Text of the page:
But understanding this, knowing that the future is not ours, but theirs to determine, is a frightening thing for some people. They believe that they can mold the future through their children, through careful scrutiny of what is learned, what is heard, what is seen.

    This has been attempted throughout history, and has failed. Our children will decide for themselves. Let them decide for themselves.

  9. Submitted by Ginny Martin on 09/04/2009 - 12:43 pm.

    Crazed is the right word. Reagan and Bush had videos in school, but when President Obama does it, it’s somehow communist and socialist and radical and indoctrinating children and all sorts of evil things. These rightwing conservatives do not like ANYTHING Obama does, and they’ll lie, stamp their feet, and throw tantrums. Don’t interrupt me with the facts.
    It is a damned shame: President Obama is articulate, eloquent, and has his own experiences to try to convince kids (especially black kids) of the need to stay in school and study. He could h ave a huge, positive influence.

  10. Submitted by Ginny Martin on 09/04/2009 - 12:44 pm.

    Michele Olson is right; maybe we should not be too concerned about this. The world is passing these people by and they don’t know it.

  11. Submitted by Thomas Swift on 09/04/2009 - 12:56 pm.

    I’m not going to try and explain anything to anyone, that’s a hopeless cause.

    Rather, I’d like to point out how the country’s immediately negative reaction to Obama’s little schoolroom chat illustrates just how deeply, irrevocably divided this country is….and how unpopular Barak Obama has become in such a short time.

    Leftists would have you believe that the angry stakeholders that have confronted Democrat legislators all summer long are minions of the insurance industry.

    That has been proven wrong.

    So now, the same crowd is claiming that this current scandal is being fueled by a few loud voices….but the stories coming from the school districts all over the country tell another story.

    The noise you hear is mainstream America saying, clearly and unambiguously, “NO”. No to the Democrats socialist agenda; no to Obama’s efforts to use our children for his political agenda.

    This tactic is straight out of Bill Ayers’ pedagogy…the grasshopper has learned well from the master.

    That noise you hear are the voices of the American voters that will carry the Democrat party out of power in 2010 and Obama and his Chi-town crew out of the White House in 2012.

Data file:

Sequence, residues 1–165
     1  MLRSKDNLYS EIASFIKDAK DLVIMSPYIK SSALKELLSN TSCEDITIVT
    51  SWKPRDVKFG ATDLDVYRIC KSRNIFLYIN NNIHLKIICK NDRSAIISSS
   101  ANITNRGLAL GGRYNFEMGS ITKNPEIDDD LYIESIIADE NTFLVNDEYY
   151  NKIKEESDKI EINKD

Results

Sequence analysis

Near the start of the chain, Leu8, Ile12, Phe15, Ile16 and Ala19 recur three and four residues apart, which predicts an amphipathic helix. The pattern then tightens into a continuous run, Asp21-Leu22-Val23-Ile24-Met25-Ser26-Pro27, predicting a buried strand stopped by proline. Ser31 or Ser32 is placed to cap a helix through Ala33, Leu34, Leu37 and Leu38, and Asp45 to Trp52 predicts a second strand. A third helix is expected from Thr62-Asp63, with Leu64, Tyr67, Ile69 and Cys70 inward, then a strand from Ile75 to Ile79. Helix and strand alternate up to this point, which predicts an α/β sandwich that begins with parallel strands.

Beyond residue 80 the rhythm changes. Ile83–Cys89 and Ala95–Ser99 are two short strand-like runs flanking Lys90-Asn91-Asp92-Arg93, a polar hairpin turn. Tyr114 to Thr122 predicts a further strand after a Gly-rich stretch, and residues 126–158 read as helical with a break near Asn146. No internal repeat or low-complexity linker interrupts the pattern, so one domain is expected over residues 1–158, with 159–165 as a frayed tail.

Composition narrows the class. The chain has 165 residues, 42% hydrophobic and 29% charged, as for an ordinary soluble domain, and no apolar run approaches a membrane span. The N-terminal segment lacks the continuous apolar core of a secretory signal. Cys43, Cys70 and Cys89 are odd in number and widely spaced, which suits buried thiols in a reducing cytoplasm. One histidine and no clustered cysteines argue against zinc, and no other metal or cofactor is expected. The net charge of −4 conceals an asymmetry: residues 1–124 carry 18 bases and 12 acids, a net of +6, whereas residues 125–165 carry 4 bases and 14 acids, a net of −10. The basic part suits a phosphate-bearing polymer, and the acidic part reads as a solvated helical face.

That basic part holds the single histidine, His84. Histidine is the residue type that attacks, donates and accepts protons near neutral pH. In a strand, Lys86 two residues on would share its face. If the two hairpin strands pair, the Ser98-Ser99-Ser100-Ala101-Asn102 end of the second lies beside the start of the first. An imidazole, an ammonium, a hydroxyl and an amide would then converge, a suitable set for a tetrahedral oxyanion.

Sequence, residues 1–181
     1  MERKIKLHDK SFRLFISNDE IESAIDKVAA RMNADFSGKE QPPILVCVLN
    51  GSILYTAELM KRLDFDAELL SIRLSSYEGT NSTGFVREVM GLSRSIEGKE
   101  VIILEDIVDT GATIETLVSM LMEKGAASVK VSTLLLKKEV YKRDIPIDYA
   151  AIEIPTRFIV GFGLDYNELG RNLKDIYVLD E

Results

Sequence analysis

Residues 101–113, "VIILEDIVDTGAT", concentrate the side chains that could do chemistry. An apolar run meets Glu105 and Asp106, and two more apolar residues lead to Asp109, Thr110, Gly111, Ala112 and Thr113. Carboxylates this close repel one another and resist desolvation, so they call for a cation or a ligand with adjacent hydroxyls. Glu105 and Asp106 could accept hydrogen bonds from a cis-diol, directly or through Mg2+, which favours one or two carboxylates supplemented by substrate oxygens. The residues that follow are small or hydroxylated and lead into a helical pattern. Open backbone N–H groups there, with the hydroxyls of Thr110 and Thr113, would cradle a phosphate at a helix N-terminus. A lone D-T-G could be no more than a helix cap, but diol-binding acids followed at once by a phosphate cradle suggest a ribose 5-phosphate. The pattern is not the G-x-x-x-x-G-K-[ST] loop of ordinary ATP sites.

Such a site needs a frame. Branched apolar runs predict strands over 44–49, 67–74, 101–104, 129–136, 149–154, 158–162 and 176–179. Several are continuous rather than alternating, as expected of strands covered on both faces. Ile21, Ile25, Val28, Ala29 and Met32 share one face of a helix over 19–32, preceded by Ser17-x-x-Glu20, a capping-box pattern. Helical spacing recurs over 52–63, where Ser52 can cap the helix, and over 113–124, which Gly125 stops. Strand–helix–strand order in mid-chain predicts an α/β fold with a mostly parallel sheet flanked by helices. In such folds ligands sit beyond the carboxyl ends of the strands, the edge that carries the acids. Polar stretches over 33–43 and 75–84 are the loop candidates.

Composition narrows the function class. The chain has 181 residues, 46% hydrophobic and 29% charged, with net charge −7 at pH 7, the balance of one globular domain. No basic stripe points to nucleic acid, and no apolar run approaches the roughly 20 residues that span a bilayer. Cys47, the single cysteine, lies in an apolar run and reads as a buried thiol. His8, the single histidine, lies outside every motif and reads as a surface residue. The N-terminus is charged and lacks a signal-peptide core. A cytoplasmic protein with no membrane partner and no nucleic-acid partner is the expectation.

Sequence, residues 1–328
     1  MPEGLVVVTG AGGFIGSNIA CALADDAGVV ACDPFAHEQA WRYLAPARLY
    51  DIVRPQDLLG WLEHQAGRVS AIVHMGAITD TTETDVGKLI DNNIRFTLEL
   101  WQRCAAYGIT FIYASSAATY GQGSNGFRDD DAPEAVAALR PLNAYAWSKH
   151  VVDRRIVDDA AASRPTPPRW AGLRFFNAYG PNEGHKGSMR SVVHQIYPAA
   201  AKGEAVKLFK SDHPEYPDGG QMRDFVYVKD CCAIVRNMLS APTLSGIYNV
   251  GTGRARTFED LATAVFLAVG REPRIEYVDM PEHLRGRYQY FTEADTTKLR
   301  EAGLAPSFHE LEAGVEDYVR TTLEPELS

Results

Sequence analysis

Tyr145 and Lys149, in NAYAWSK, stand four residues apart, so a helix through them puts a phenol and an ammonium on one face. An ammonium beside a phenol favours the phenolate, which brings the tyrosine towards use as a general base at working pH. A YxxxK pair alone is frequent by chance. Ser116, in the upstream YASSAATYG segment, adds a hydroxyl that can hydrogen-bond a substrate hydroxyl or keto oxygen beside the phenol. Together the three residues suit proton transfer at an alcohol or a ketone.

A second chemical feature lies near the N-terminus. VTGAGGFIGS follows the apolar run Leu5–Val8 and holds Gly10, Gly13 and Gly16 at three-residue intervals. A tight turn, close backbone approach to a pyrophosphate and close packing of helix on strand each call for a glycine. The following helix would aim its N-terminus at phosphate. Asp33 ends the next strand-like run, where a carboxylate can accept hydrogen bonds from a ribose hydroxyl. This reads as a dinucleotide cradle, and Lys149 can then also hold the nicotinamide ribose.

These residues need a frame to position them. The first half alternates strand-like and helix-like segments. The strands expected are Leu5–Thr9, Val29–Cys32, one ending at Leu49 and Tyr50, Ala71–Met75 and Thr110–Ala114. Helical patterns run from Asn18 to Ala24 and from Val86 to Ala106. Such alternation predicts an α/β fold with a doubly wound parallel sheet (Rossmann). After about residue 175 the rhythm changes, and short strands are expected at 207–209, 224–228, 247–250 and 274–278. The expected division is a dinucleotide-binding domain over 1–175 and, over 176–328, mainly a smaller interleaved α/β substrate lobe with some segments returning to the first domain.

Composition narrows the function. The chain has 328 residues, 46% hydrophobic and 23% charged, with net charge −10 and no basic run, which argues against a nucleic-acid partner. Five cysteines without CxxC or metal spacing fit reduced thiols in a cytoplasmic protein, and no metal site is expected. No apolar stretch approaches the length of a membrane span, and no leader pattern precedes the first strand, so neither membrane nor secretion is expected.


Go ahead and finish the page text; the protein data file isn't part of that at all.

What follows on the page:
I just wish people had taken the time to research his background before heading to the voting booth.

  12. Submitted by Brenden Schaaf on 09/04/2009 - 01:00 pm.

    I agree with Pamela that it would be great for kids to hear the first black president encourage studying and doing well in school, but the problem is that nobody is really sure that is what will be said. If that is it, then why not produce the video and have schools air it at their convenience?

    The issue, as I understand it, is that this is going to be a live transmission of a speech that appears to be changing. According to KARE-11 News last night, at one time it included verbiage to the effect that students should write letters to themselves stating what they could do to help the president. That is where people get a bit nervous because it draws parallels to more dictatorial environments than what America is supposedly about (although we can probably argue about how that is changing too).

  13. Submitted by Jeremy Powers on 09/04/2009 - 01:10 pm.

    Joe,

    In terms of free, it means that if your parents have zero money, they get to go to school, too. I realize someone has to pay for it and most of us do. But if it isn’t free, that means the poor are forever trapped in poverty. This way, they have opportunity.

    Swift,

    As Barney Frank said: “On what planet do you spend most of your time?” All of your comments are opinion, which is fine, but they are stated as facts — facts that are not, as the saying goes, backed up by facts.

  14. Submitted by Eric Ferguson on 09/04/2009 - 01:24 pm.

    @Thomas,

    “…just how deeply, irrevocably divided this country is…”

    Deeply I’ll grant you. That much is obvious. “Irrevocably”? I hope you’re just engaging in your usual careless hyperbole. It’s irrevocable only if we want it to be. Sadly, it seems a lot of conservatives do want it that way.

  15. Submitted by Bob Filipczak on 09/04/2009 - 01:33 pm.

    I asked my mother about it. She survived the Depression, and then went on to survive World War II as a Red Cross volunteer in Italy.

    She doesn’t recognize this country anymore. She said “I never thought I would live in a country where the president can’t talk to our children.”

  16. Submitted by Brenden Schaaf on 09/04/2009 - 01:52 pm.

    @Eric –

    It’s only conservatives that want it that way? I’m pretty sure both ends of the political spectrum are guilty for the divisiveness because it is the only way that they can maintain the 2-party system. Plus, if only one side wanted division it wouldn’t exist…has to be two to tango.